Facebook to Lift Australia News Ban Following Government Deal
Facebook on Monday said it had struck a deal with Australian lawmakers to pay local publishers for their news content, after the government finally agreed to change some of the terms within its new media code.
Treasurer Josh Frydenberg and Facebook confirmed in statements that they had reached an agreement on amendments to proposed legislation that would make the social network and Google pay for news that they feature.
The agreement ends Facebook’s temporary ban on sharing news links on its platform in the country. Data showed that the link-sharing ban caused news traffic to plummet in the region. It also ends Facebook’s global ban on users’ sharing links to Australian news publishers.
Facebook had moved to cut off the sharing of news articles last week in response to a law set to be passed soon. The News Media Bargaining Code in the legislation would require platforms like Facebook to pay publishers for news content that appears on their sites. It would also have allowed media companies to bargain with platforms over prices, a process that would end in government arbitration.
New amendments to the law set to be introduced Tuesday would insert a two-month period to give platforms and publishers more time to negotiate before being forced into arbitration and suggest that online companies that have made “a significant contribution” to the Australian news industry may be exempt temporarily from having to make payments.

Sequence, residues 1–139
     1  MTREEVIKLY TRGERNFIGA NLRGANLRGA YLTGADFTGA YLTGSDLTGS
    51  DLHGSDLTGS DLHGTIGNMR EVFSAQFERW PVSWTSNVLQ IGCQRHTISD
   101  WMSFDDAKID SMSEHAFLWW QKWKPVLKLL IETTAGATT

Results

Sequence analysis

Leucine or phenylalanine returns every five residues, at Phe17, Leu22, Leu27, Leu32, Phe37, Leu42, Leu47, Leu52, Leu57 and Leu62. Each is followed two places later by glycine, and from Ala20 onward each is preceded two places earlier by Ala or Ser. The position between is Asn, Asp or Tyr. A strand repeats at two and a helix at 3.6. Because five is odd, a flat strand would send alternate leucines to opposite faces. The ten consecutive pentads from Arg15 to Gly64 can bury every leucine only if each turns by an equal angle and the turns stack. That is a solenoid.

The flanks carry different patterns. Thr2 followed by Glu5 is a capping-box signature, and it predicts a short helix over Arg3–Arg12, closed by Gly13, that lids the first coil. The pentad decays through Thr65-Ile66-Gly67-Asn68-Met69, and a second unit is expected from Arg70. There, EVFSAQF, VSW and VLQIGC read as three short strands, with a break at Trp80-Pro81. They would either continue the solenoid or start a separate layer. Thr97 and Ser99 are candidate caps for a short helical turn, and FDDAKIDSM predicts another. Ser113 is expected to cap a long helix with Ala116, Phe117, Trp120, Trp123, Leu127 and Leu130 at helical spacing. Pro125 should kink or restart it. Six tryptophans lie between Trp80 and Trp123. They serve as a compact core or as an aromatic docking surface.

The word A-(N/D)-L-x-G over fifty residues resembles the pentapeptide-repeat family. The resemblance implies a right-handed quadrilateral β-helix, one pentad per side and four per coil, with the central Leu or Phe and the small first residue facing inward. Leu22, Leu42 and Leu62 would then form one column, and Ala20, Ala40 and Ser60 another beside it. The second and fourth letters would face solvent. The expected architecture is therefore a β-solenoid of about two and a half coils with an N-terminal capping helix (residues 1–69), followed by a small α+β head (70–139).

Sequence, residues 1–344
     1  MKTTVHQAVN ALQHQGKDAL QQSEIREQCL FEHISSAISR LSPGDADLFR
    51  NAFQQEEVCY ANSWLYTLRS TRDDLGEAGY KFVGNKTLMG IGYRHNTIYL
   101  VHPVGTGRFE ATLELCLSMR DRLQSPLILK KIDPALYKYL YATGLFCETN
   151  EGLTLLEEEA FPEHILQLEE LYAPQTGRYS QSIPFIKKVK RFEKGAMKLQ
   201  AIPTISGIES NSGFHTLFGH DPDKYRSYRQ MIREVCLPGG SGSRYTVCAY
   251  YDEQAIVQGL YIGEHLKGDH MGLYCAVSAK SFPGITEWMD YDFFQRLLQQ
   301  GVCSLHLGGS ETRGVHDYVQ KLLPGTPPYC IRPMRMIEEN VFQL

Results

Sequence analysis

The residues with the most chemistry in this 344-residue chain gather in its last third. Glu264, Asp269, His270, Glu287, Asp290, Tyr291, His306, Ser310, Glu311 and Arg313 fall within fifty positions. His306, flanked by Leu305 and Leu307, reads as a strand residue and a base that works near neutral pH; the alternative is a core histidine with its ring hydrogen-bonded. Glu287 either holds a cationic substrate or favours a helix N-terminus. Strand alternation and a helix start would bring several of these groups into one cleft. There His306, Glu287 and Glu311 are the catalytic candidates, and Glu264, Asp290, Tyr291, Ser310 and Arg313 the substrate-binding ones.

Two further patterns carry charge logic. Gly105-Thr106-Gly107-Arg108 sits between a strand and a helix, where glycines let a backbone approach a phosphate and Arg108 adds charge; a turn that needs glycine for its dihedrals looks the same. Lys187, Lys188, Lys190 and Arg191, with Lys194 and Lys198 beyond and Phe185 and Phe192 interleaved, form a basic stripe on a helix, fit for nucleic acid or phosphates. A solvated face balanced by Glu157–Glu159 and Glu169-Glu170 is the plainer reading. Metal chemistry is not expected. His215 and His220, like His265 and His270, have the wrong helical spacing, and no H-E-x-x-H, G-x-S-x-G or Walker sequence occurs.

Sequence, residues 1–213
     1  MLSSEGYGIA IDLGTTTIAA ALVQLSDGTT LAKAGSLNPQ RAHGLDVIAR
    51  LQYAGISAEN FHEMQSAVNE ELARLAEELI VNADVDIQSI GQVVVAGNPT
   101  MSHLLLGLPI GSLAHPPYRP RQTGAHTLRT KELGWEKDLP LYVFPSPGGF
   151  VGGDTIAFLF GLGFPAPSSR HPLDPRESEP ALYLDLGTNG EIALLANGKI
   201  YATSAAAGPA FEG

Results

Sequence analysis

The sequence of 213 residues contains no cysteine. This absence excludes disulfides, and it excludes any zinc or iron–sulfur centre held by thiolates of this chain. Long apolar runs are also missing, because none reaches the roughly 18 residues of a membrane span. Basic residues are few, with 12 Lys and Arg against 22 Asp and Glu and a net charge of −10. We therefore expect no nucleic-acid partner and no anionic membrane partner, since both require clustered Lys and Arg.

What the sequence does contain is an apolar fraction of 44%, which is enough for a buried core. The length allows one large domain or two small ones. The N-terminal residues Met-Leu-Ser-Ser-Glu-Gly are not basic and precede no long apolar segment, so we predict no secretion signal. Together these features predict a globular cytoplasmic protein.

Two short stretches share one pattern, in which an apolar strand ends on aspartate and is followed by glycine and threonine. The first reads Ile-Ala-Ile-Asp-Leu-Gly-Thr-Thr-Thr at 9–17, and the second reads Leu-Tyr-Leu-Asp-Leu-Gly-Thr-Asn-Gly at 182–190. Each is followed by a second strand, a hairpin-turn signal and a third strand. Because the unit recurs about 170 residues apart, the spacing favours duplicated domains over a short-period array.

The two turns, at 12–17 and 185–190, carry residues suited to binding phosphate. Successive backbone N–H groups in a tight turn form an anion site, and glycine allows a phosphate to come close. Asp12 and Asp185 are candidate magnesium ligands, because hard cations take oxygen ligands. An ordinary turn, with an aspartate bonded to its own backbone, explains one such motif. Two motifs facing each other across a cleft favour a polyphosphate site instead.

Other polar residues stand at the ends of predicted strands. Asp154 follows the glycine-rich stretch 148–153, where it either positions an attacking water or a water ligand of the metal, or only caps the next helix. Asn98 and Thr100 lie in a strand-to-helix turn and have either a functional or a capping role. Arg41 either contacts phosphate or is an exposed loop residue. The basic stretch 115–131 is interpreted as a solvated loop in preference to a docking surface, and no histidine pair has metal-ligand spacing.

On Monday night, Facebook issued a statement that points to an agreement with the Australian government.
“After further discussions,” the statement reads, “we are satisfied that the Australian government has agreed to a number of changes and guarantees that address our core concerns about allowing commercial deals that recognize the value our platform provides to publishers relative to the value we receive from them. As a result of these changes, we can now work to further our investment in public interest journalism and restore news on Facebook for Australians in the coming days.”
Moving forward, Campbell Brown, Facebook’s VP of news, says that the Australian government has clarified that the tech giant “will retain the ability to decide if news appears on Facebook so that we won’t automatically be subject to a forced negotiation.”
“It’s always been our intention to support journalism in Australia and around the world, and we’ll continue to invest in news globally, and resist efforts by media conglomerates.”